The Football Association is to lose £1.6m of public funding for the amateur game in England after failing to reverse a sharp decline in the number of people regularly playing the sport.
Sport England, the body responsible for distributing public money to increase sports participation, says the reduction is a clear message that football needs to change its grassroots strategy.
The national game is one of six sports that have had funding reduced by Sport England.
FA general secretary Alex Horne called the reduction "disappointing" and said a number of factors, including poor weather and increased costs were presenting difficulties to clubs and players.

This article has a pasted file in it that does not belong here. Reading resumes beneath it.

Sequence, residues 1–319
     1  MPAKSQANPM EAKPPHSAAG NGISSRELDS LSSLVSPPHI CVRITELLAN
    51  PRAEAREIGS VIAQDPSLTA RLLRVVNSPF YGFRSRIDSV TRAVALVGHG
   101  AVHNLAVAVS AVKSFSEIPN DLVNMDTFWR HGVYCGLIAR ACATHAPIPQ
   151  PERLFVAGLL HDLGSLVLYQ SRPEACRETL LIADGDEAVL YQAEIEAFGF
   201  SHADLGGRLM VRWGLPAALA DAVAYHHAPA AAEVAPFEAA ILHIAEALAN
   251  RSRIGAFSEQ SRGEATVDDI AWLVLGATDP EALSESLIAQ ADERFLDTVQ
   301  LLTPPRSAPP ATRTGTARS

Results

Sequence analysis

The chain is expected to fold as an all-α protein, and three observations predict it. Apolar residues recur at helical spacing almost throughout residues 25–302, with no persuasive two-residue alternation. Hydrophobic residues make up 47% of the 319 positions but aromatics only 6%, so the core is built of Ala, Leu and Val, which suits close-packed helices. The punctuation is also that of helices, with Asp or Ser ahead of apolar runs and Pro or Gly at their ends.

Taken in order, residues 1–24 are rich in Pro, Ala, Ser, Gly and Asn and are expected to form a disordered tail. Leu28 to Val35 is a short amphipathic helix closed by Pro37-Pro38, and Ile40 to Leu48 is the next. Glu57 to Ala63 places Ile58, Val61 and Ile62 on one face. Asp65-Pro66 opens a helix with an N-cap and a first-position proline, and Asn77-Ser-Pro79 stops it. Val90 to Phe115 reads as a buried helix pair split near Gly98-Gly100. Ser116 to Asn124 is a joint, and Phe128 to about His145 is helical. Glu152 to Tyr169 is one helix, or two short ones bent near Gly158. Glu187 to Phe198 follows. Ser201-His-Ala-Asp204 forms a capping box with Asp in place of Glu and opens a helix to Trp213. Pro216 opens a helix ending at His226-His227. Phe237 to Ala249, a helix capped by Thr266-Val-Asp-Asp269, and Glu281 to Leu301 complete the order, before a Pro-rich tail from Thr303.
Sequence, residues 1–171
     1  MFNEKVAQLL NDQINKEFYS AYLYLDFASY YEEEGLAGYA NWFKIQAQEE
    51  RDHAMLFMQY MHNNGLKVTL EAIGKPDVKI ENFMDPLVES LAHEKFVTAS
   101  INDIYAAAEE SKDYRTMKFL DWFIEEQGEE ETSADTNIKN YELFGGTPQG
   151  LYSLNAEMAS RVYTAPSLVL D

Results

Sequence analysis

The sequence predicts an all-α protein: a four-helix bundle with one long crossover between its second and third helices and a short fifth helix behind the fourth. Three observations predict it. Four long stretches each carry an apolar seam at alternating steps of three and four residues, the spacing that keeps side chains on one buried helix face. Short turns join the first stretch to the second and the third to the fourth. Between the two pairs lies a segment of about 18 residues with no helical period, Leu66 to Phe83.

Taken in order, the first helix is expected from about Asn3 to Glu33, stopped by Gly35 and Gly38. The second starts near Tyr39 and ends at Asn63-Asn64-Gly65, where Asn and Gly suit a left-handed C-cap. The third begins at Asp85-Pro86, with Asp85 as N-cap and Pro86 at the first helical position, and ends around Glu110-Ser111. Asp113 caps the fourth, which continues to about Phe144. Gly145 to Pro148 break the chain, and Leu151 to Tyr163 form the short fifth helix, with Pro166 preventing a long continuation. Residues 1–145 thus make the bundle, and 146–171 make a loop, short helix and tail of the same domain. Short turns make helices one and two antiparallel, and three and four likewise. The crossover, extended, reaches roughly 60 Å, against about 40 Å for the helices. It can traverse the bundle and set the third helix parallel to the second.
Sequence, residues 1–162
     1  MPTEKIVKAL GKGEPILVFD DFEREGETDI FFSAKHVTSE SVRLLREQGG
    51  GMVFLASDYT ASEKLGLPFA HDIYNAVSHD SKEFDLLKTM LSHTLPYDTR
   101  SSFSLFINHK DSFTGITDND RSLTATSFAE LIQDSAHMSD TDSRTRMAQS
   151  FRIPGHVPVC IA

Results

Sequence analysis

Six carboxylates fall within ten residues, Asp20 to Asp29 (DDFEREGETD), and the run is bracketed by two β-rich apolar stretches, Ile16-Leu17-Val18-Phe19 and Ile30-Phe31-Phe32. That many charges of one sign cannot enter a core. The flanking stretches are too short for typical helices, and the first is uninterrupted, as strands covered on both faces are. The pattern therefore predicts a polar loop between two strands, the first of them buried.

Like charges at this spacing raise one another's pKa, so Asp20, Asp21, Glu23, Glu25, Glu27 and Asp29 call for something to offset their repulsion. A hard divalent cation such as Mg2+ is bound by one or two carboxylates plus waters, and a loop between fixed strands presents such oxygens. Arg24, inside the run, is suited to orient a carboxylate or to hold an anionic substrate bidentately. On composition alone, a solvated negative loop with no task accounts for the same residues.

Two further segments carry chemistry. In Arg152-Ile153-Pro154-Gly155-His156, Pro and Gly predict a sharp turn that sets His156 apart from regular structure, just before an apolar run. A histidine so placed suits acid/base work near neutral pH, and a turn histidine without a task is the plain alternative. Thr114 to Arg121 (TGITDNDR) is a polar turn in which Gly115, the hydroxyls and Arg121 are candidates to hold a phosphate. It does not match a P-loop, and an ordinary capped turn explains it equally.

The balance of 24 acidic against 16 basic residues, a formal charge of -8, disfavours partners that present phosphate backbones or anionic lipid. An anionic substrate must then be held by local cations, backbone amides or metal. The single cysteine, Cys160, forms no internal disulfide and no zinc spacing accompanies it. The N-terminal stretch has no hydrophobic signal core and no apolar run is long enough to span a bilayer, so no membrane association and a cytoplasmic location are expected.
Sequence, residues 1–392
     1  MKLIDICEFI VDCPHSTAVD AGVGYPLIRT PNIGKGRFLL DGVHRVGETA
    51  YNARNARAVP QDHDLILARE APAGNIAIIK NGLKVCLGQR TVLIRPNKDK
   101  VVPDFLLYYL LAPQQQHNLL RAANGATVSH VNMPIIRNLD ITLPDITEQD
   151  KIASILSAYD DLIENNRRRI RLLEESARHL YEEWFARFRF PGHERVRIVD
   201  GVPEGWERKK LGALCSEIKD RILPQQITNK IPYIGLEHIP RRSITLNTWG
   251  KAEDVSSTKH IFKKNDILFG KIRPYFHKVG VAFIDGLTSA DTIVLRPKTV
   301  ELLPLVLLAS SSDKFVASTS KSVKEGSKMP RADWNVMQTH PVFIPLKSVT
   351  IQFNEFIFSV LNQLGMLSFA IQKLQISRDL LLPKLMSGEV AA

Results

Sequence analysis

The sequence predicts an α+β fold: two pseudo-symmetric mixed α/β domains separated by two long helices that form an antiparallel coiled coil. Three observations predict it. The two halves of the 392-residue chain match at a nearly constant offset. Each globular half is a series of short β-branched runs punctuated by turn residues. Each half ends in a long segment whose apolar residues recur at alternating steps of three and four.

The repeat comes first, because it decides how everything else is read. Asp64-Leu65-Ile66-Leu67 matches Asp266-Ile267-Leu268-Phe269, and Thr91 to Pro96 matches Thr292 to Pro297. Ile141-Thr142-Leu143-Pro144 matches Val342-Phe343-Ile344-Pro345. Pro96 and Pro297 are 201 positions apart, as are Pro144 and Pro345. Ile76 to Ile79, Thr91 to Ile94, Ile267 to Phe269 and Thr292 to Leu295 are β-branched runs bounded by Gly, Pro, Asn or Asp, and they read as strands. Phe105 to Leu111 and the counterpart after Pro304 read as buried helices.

"It's naturally disappointing to learn that Sport England is cutting its funding to football especially at a time when the challenges faced by the grassroots of our game are so acute," said Horne.
"It is especially disappointing as Sport England agreed and began funding our joint plan only in August last year, and today's decision is based on measurement undertaken just two months later in October.
It will not however deter the FA's continued extensive financial commitment to the grassroots of the game, of which this is only one element.
"Grassroots football is played on facilities almost exclusively owned and maintained by local authorities.
"A combination of severe weather, increased pitch hire costs and reduced maintenance spend has made this a very difficult time for clubs seeking to complete their fixtures and for individual players to value and enjoy regular football.
"This challenge - to ensure a much better provision of quality affordable grassroots facilities - is one we are determined to address."
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